They are found in trays on the dresser, jars in the kitchen, bowls in the bedroom. They are the small bits of cash detritus, the left over fractions of a dollar, that collect in our pockets and purses on a daily basis, and often consigned to the change cups of America.
Most people have one. I have one. Mine is a white ovenproof ramekin and it slowly fills with pennies, dimes, nickels, and — mostly — quarters. Indeed quarters are what most change is made of in these days of prices set to end in .99 at work with various state and local sales taxes of 3 to 9 percent.
Every day I dump whatever is loose in my pockets into the ramekin. In the beginning it’s just a couple of quarters and a smear of pennies. Dimes and nickels are uncommon but not yet rare. In the fullness of time the ramekin fills up with an untold amount of money much like William Devane’s safe.
When a small mound of change forms at the top of the ramekin I know it is time for one of my favorite shopping trips: “FREE GROCERIES!” And to do that I bag up all my coins and head off to my favorite “FREE MONEY MACHINE!,” the big green Coinstar to get some.
After all, change is just the drippings from money already spent; the sawdust from your logs of liquidity. Few would be willing to separate the coins and pack them into tubes as was the case in the Ancient of Days. Fewer still maintain their own change counting machines. It’s just not worth it since the dollar became the new quarter sometime between 2008 and now.
Coinstar is the answer. For a mere 10.9% of your money, it will convert your change into a strip of paper which can be redeemed for groceries and real currency at the cash register. Coinstar is also a very entertaining store machine, one of the few that gives you back something for your effort. It’s a kind of reverse slot machine (with similar sound effects)in which you win every time, minus 10.9%. In addition, it shows its work on the screen. You tilt up the slide and let the coins shuffle into a satisfying series of clinks, clunks, and clacks, interrupted every so often with a clunk as the Coinstar spits out an item it cannot accept. In front of you, the screen shows the actual ascending numbers of pennies, nickels, dimes, quarters, half-dollars (rare), and silver dollars (hunted to extinction). Then you get your voucher and off you go to shop with… “FREE MONEY!”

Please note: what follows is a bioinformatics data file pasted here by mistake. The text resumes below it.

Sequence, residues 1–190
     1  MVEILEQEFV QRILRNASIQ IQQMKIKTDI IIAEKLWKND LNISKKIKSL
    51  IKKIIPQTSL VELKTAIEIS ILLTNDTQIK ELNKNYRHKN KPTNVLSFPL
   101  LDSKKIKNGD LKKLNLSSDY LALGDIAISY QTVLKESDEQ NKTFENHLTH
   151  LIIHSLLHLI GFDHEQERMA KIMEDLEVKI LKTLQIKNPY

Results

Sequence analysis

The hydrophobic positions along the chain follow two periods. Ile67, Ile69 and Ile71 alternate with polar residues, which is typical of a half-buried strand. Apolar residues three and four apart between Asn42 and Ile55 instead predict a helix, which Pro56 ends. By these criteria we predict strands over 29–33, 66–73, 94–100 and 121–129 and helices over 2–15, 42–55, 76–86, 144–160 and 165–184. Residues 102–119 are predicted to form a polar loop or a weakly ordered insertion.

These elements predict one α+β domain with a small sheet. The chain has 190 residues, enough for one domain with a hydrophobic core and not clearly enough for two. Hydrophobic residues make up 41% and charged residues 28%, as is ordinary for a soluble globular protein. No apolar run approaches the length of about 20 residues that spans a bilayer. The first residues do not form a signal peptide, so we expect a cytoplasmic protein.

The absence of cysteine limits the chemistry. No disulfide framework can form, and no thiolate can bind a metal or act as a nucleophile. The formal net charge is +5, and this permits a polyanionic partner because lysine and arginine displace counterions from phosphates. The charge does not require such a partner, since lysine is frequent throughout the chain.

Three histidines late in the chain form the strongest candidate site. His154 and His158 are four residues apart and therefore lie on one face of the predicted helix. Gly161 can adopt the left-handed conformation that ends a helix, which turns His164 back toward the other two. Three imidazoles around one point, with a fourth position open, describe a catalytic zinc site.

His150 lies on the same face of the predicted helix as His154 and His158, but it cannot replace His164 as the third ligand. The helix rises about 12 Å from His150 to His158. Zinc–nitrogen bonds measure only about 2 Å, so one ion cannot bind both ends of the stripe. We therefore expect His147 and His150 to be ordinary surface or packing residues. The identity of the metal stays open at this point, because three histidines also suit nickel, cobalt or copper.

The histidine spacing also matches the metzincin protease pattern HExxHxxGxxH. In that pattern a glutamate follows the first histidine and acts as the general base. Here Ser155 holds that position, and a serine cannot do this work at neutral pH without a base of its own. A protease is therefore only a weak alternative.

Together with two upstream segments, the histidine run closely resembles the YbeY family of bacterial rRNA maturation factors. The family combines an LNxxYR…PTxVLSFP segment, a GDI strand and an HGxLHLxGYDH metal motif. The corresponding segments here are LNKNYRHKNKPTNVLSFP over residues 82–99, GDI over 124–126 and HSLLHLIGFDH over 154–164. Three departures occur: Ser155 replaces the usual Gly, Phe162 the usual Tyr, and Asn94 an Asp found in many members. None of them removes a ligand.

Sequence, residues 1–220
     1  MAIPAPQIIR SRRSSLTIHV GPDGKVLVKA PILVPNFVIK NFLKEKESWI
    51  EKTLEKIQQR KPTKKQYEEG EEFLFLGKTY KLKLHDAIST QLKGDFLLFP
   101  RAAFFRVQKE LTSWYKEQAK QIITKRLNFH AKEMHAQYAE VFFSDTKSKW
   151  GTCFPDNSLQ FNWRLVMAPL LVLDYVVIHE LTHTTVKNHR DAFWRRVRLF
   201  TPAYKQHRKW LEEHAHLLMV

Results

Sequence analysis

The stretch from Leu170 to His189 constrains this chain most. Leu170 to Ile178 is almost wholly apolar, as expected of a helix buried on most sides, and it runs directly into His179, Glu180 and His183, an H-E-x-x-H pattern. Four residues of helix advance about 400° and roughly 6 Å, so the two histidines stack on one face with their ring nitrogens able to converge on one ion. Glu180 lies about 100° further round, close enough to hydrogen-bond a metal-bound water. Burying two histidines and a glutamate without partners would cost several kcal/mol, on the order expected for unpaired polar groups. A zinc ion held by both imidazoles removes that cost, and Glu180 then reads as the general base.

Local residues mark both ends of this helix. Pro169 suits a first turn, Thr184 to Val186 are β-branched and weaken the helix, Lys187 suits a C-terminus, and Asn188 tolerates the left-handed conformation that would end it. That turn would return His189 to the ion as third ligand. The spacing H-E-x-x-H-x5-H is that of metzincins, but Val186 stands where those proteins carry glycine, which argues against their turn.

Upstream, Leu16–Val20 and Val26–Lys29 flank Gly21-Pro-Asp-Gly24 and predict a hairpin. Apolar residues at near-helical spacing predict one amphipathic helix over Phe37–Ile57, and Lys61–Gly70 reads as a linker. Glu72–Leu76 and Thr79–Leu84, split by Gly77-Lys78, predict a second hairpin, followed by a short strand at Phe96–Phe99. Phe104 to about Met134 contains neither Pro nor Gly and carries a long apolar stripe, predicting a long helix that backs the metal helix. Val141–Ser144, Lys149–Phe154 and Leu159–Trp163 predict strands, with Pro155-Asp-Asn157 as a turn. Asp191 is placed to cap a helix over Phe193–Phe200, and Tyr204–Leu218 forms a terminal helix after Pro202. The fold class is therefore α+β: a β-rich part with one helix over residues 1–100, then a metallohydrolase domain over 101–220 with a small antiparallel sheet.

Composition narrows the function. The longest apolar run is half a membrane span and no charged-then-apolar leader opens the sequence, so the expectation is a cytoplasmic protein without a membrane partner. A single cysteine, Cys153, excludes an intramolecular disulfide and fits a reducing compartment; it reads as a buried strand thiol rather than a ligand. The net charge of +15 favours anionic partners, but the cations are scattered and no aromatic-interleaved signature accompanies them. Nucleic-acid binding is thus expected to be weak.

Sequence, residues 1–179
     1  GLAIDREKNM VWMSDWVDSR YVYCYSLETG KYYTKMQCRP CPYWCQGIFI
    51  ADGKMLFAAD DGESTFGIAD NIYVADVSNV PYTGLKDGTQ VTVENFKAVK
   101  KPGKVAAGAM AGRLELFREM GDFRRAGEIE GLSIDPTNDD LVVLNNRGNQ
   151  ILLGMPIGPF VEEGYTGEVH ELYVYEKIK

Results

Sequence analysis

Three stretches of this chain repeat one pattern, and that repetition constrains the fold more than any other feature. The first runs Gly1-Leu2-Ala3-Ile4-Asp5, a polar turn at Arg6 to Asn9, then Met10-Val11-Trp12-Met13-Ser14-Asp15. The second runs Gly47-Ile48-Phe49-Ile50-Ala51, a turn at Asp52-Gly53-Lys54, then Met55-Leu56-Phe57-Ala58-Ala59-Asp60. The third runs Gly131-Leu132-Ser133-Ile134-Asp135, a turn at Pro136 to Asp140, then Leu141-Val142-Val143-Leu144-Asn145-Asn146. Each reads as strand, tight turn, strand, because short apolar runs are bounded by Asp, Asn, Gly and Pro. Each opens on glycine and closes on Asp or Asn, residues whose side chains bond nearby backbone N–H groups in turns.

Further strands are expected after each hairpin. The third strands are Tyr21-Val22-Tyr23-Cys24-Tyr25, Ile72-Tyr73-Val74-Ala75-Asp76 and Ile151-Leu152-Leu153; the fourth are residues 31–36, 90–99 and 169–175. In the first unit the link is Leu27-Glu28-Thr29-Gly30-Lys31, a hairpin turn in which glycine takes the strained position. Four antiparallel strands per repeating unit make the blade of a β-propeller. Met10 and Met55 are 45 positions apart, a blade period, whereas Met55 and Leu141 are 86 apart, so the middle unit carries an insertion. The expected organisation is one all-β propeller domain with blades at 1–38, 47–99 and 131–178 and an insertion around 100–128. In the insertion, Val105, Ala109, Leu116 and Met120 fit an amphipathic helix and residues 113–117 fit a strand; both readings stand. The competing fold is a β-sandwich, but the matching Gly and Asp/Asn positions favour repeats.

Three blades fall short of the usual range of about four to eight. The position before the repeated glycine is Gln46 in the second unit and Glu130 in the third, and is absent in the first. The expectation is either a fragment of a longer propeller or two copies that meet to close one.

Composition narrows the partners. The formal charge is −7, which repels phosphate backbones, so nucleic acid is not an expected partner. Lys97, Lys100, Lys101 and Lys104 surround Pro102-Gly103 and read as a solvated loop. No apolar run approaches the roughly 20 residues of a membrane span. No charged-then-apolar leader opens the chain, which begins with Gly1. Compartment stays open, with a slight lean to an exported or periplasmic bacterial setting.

Because I am easily entertained I love those trips. Yesterday I noted that my love for Coinstar was due to be consummated once again. I noticed that ”Lo, my change cup runneth over,” and poured all my change into a Ziplock bag. Its heft felt like around two pounds. My change cup was, obsessive-compulsively and blissfully, empty again.
I set off for the town Safeway and poured my change into the coin slide on the Coinstar. It went through its satisfying series of clunks, clinks, clanks, clacks, and counting and came up…. at the end of it all… with…
Yes, a round dollar amount completely at random. This is, for those like me who suffer from Obsessive-Compulsive disorders, equal to “the perfect pump.” (When, in filling the tank at the gas pump, you watch the rising total and snap-release the handle and get a round dollar amount. So satisfying!)
Armed with my free money voucher in the sum of …
I began shopping. I picked up some milk, which I needed. I picked up some oranges, which I also needed. I passed on the cream-filled fresh-baked Bundt cake, which I really, really, really do NOT need. I picked up some meat on sale for 50% off even if I don’t really count 50% off $18.80 as a bargain. I picked up some of this and some of that and then went to the Express checkout to see how many public school educated citizens in front of me were unclear on the concept of “15 Items or Less.”
When…. at long, long last…. it was my turn I handed my Coinstar voucher to the cashier. She pulled my “15 Items or Less” across her scanner. The total?
To my right, the change dispenser at the pay station spit out into its buff metal cup…. one single quarter. I picked it up, slipped it into my pocket, and took it home.
I tossed it into the white ramekin. It made a nice crisp clink as it hit the bottom of the empty change collector.
There it sits this morning, all alone with a small tuft of pocket lint, waiting for others in its mildly diverse family of money to join it.
And the great circle of life begins again.